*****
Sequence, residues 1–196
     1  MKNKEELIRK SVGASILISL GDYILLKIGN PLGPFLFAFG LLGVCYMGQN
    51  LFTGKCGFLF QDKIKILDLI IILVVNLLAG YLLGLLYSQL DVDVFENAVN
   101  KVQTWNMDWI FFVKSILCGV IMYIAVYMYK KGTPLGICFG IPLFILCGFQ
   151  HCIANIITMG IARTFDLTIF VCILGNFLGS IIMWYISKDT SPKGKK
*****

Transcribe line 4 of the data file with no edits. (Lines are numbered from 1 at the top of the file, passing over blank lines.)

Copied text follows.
   101  KVQTWNMDWI FFVKSILCGV IMYIAVYMYK KGTPLGICFG IPLFILCGFQ